New Georgia Law Makes Voting ‘More Difficult’

Democrat Raphael Warnock Campaigns In Final Days Before Runoff Election

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Georgia Gov. Brian Kemp on Tuesday signed a controversial bill into law that critics say would make it “more difficult” for voters to cast ballots, including and especially for the upcoming presidential election in November.

The passage of Senate Bill (SB) 189 means in part that people without a permanent address will need to re-register to vote; challenges to those voter registrations will be easier to initiate; and, perhaps most consequential, requires counties to tally all absentee ballots within an hour of polls closing.

Taken together, civil rights leaders have said that SBi 189 would disproportionately affect Black and brown voters — the same group largely credited for helping to elect President Joe Biden in 2020.

The American Civil Liberties Union (ACLU) of Georgia ripped the passage of SB 189 for those very reasons and more.

“SB 189 is a step back for voters’ rights and voting access in the state of Georgia,” Andrea Young, executive director of the ACLU of Georgia, said Wednesday in a statement sent to NewsOne. “Most importantly, this bill will require already overburdened election workers to spend time processing unnecessary voter challenges. As always, elected state officials should work to make voting easier and not more difficult for Georgia citizens. We are committed to protecting Georgia voters and will see the governor in court.”

More specifically, the ACLU said in a press release, SB 189 “lowers the barrier for making biased and baseless voter challenges around the state, creates confusion for unhoused voters, makes it more difficult for county elections boards to interpret the law, and increases requirements for already overworked elections officials.”

Previously, the ACLU of Georgia suggested it would sue if SB 189 became law.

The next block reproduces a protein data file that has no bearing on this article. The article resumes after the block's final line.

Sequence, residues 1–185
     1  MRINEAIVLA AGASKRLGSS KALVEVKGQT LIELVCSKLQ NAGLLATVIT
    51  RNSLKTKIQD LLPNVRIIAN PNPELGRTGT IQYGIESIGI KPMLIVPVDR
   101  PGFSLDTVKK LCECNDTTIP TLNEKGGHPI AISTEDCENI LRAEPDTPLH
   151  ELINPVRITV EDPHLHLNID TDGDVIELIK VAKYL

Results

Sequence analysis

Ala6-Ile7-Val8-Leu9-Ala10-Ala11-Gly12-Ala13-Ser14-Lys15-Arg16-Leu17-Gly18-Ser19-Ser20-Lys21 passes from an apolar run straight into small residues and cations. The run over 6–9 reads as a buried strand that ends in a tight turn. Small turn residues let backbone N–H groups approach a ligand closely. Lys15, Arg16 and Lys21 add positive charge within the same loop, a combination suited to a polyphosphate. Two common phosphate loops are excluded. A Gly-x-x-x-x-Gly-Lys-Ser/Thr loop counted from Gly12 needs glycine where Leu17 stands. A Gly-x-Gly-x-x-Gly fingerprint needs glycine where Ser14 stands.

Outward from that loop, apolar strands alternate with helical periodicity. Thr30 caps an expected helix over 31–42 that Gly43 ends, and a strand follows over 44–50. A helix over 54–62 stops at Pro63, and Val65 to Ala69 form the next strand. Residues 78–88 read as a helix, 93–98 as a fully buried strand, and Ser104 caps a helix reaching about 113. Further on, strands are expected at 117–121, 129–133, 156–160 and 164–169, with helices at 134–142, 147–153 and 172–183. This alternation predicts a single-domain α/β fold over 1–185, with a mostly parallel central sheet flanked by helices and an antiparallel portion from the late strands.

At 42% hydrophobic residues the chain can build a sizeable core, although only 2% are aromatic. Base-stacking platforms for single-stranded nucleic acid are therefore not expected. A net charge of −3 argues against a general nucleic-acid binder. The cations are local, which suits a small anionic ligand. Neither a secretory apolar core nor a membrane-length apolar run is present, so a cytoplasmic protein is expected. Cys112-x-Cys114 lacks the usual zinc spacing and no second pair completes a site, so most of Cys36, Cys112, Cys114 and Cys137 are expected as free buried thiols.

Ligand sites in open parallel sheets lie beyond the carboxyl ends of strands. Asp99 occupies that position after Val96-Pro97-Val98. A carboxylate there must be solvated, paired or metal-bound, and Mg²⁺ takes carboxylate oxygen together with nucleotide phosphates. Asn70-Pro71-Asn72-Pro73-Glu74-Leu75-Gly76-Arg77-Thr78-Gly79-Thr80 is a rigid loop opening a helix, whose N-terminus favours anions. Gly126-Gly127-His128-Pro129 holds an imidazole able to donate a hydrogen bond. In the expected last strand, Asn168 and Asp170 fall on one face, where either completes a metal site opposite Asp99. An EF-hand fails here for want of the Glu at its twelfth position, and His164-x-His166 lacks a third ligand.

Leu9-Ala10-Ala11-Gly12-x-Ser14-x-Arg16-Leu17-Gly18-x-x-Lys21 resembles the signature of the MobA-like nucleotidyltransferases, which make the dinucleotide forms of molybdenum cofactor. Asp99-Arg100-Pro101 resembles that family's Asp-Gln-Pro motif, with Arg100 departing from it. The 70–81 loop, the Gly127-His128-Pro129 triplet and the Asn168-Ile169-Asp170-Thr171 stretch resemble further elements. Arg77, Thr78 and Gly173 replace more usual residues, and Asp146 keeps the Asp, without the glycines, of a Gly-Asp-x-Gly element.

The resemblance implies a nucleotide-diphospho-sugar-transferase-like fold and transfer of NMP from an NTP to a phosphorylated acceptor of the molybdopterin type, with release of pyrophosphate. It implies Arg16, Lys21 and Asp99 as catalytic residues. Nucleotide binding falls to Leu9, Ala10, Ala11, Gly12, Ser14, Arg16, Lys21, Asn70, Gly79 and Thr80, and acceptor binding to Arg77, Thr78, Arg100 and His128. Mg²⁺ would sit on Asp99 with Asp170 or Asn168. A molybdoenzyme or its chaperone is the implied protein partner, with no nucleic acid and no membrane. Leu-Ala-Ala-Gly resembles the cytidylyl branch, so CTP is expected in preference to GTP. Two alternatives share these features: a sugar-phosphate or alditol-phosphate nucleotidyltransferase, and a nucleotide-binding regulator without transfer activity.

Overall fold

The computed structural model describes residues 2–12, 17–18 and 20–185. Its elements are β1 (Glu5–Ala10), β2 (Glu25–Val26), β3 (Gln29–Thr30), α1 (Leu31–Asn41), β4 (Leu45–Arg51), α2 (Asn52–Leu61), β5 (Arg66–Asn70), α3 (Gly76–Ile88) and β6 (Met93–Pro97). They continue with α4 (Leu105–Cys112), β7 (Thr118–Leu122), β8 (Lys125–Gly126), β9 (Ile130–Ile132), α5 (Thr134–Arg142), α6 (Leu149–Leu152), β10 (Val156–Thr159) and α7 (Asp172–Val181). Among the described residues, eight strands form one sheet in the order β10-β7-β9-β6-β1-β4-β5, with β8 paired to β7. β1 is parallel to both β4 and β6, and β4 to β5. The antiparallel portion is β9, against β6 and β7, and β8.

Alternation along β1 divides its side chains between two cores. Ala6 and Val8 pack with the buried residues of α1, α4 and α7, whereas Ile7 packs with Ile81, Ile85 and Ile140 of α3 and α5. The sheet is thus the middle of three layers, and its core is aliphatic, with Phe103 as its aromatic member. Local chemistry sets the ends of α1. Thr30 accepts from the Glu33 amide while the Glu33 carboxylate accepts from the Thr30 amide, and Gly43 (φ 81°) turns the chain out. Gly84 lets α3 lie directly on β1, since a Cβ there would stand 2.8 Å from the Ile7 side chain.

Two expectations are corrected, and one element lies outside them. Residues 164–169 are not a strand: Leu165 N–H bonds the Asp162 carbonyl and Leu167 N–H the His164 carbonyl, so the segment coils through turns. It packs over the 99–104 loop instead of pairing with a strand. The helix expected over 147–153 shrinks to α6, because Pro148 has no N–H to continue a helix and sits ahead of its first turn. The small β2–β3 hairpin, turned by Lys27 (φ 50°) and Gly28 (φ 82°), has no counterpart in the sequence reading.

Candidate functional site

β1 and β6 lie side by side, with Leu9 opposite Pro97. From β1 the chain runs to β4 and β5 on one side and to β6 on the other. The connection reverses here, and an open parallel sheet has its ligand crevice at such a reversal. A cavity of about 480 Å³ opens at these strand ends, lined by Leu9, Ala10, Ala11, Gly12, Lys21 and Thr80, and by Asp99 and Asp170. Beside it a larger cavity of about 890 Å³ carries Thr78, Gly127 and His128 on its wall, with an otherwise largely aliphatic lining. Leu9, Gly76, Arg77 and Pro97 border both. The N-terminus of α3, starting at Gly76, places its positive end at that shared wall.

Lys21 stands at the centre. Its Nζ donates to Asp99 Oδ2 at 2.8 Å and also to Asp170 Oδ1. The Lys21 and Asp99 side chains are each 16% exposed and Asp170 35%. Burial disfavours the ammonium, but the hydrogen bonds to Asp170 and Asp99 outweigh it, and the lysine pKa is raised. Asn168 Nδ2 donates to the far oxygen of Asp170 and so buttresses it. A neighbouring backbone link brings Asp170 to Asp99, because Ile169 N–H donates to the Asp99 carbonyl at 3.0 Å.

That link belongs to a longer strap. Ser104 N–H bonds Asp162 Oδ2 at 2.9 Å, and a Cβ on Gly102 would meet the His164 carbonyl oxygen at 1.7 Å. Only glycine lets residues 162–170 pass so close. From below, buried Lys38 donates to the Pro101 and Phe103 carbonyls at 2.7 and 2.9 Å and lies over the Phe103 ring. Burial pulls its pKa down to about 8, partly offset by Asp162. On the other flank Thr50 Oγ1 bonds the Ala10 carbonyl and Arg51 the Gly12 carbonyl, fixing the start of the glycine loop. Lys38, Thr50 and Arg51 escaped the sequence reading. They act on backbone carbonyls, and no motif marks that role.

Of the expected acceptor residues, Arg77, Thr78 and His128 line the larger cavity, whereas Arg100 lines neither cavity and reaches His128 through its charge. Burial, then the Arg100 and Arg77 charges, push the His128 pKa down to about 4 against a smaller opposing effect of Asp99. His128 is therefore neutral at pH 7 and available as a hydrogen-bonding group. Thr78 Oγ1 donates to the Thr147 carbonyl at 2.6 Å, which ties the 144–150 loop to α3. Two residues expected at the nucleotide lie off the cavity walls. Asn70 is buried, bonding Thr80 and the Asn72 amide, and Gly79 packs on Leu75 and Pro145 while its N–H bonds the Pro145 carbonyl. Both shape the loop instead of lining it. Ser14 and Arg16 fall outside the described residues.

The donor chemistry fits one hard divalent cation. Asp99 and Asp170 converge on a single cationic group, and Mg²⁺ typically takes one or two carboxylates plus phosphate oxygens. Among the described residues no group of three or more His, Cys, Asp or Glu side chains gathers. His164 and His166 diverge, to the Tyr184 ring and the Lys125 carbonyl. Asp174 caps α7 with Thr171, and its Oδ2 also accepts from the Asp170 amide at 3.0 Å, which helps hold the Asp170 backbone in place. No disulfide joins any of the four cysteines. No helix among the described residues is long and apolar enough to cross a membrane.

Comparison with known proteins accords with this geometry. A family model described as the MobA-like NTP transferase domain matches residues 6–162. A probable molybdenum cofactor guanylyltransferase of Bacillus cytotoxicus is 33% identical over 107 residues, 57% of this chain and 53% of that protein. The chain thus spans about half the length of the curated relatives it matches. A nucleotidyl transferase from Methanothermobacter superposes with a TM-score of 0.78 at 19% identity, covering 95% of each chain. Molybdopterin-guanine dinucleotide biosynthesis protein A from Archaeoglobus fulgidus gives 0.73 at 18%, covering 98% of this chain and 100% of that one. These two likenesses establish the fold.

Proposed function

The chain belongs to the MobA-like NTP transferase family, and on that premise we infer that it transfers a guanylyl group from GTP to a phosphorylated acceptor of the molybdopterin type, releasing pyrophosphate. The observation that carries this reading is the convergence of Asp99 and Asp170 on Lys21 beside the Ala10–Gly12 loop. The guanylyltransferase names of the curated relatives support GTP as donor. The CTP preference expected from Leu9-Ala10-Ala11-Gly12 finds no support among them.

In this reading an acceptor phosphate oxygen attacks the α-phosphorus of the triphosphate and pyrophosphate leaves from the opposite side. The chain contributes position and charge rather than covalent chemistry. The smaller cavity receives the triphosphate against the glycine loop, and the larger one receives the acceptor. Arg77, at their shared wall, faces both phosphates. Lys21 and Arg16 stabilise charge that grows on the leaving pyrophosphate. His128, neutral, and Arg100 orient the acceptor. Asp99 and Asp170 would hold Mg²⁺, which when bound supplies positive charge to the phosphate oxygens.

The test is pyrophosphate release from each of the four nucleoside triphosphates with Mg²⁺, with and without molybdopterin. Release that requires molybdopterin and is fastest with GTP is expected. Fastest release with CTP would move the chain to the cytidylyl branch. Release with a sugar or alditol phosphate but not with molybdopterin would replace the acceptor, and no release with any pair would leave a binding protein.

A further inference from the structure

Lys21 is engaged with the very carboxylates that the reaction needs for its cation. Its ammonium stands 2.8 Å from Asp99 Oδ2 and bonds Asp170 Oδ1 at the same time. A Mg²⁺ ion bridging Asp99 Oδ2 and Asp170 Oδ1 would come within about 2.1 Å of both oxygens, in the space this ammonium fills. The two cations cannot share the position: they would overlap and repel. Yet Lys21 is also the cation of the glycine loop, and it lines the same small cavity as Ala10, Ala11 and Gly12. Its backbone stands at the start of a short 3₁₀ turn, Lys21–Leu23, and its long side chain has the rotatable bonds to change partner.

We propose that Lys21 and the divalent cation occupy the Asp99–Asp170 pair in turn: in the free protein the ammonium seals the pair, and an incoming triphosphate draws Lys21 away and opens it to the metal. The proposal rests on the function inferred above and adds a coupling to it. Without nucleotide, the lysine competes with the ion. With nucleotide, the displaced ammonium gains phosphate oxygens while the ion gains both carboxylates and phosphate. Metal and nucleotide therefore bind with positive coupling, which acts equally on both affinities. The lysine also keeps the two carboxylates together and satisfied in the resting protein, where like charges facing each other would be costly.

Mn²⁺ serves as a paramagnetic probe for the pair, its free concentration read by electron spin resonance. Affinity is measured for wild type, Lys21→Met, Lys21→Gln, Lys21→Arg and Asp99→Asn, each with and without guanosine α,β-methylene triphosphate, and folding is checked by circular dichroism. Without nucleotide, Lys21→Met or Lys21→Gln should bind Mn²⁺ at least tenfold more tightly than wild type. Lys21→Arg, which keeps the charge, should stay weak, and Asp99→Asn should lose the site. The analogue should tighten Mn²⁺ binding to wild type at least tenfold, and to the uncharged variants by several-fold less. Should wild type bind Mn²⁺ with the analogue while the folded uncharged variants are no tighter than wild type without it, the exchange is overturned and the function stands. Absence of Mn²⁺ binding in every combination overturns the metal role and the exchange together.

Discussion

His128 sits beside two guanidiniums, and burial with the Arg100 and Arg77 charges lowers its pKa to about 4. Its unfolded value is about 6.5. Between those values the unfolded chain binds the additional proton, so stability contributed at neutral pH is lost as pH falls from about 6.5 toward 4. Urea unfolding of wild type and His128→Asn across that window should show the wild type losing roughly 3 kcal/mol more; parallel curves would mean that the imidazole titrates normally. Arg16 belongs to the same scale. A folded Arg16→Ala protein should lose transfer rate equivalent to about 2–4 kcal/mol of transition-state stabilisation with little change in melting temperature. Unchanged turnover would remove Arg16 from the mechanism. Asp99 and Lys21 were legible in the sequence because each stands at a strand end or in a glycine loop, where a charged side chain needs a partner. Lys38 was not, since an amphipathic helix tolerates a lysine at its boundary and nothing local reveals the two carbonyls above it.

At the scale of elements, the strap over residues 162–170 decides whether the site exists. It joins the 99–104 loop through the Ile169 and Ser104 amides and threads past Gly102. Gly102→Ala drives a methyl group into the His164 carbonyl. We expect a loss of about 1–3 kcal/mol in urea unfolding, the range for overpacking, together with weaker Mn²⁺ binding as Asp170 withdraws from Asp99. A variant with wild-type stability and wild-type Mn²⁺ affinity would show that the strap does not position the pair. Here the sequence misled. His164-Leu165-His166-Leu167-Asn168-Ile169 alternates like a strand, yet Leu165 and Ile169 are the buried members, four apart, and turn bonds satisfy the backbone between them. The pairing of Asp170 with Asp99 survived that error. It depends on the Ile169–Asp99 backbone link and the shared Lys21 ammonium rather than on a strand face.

“If the governor signs this bill, we will see him in court,” Young said in March after the Georgia General Assembly passed SB 189.

SB 189 appears to be part of a broader partisan strategy that has disproportionately affected Black voting districts in Georgia.

Lauren Groh-Wargo, interim CEO of Fair Fight Action — the anti-voter suppression group founded by Stacey Abrams — previously told NBC News that SB 189 and other “mass voter challenges time and again disproportionately try and throw Black and Brown voters off the rolls. They have been a strategy for a long time to have a chilling effect on voting.”

Late last year, after a federal judge upheld Georgia’s controversial Republican-led redistricting plan intended to create more Black voting districts, incumbent Congresswoman Lucy McBath was forced to seek election in a district different from Georgia’s 7th Congressional District that she’s represented on Capitol Hill since her reelection in 2022.

McBath’s updated campaign plans mean she is running in a newly drawn congressional district for the third consecutive election cycle, which she has said is the unsuccessful result of Republicans trying to gerrymander her out of Congress.

“I hope that the judicial system will not allow the state Legislature to suppress the will of Georgia voters,” McBath said in a statement back in December. “However, if the maps passed by the state Legislature stand for the 2024 election cycle, I will be running for reelection to Congress in GA-06, because too much is at stake to stand down now.”


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